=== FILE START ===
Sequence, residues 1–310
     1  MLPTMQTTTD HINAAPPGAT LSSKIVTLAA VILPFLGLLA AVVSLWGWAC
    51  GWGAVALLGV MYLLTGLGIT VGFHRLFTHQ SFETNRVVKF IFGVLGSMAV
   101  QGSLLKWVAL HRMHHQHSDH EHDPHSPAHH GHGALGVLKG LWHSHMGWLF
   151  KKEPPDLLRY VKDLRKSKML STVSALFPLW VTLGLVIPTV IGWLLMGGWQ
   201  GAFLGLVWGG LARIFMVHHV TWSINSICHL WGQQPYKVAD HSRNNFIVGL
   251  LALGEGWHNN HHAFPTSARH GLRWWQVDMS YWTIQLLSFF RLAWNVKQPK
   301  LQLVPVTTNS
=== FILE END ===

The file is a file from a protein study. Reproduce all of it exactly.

Sequence, residues 1–310
     1  MLPTMQTTTD HINAAPPGAT LSSKIVTLAA VILPFLGLLA AVVSLWGWAC
    51  GWGAVALLGV MYLLTGLGIT VGFHRLFTHQ SFETNRVVKF IFGVLGSMAV
   101  QGSLLKWVAL HRMHHQHSDH EHDPHSPAHH GHGALGVLKG LWHSHMGWLF
   151  KKEPPDLLRY VKDLRKSKML STVSALFPLW VTLGLVIPTV IGWLLMGGWQ
   201  GAFLGLVWGG LARIFMVHHV TWSINSICHL WGQQPYKVAD HSRNNFIVGL
   251  LALGEGWHNN HHAFPTSARH GLRWWQVDMS YWTIQLLSFF RLAWNVKQPK
   301  LQLVPVTTNS